State of the Energy Market – 26th July 2022

Daily Updates

Wholesale prices have opened up this morning with continuing concerns over Nord Stream 1 gas
volumes reaching Europe. Siemens, who are responsible for the maintenance of the 6 gas
compressors on the pipeline, have stated that the compressor that has been returned from Canada
and is currently sitting idle in Germany whilst it waits to be transported by ferry to Russia.


August 22 wholesale power prices increased by 0.01% to close at £286.70 per MWh.


August 22 wholesale gas prices increased by 2.7% to close at £320.05 pence per therm.

In other energy related news:

 Shell has signed off on a significant new North Sea gas project, which marks an about turn on the
company’s decision to move away from the UK as a country for new project developments. The
Jackdaw gas filled is scheduled to start producing in three to four years time and once running at
full capacity, it should provide 6% of the UK’s gas requirements. The project may still be at risk
because Greenpeace is intending to take the UK Government to court over it’s decision to
greenlight the project. Greenpeace believe that “the UK Government failed in it’s duty by approving
the project, even though the gas field will be particular polluting due to it’s unusually high CO2

A Business Select Committee report on the state of the UK’s energy sector has delivered a scathing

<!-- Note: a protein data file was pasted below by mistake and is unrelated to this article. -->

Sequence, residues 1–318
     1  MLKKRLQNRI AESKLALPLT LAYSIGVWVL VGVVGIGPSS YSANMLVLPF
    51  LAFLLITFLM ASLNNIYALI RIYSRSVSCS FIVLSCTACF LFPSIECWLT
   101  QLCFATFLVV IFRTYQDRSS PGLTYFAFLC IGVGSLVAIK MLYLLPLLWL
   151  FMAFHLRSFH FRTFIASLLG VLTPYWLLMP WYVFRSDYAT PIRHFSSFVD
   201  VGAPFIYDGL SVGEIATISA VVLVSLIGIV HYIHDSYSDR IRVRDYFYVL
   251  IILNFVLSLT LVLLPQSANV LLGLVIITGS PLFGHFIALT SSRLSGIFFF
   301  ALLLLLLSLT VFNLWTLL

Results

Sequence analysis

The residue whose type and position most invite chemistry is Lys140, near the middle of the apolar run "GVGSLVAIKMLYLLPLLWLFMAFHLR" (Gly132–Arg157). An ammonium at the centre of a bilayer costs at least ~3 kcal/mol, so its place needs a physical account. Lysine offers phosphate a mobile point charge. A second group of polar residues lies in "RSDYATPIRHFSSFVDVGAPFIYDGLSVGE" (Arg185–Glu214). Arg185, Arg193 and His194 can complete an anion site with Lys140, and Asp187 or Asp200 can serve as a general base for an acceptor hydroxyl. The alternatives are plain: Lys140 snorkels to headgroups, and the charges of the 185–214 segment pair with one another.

attack on the energy regulator Ofgem. In one passage, the report states, “Ofgem has proved
incompetent as the regulatory authority of this complex market, thereby costing taxpayers billions
of pounds. The scale of failure and the cost exposure to taxpayers is only comparable to the
financial crash of 2008.” It goes on to suggest that Ofgem’s lite touch approach to awarding energy
supplier licenses, led to 29 inefficient companies going bust since the start of the current energy
crisis in the second half of 2021. These failed energy suppliers have led to at least £94 being added
to each customer bill as consumers are left to pick up the tab for the failed suppliers. 

A report by Cornwall Insights suggest that the UK was very close to experiencing power cuts
during the recent extreme heatwave. Grid operators were pushed to supply enough energy to
meet the increased demand during peak periods. The extreme heat on 18th July led to power
cables swelling and caused reductions from gas fired power stations. Power cuts were only
prevented by coal fired generation coming online and last-minute electricity imports reaching us
from the continent.  

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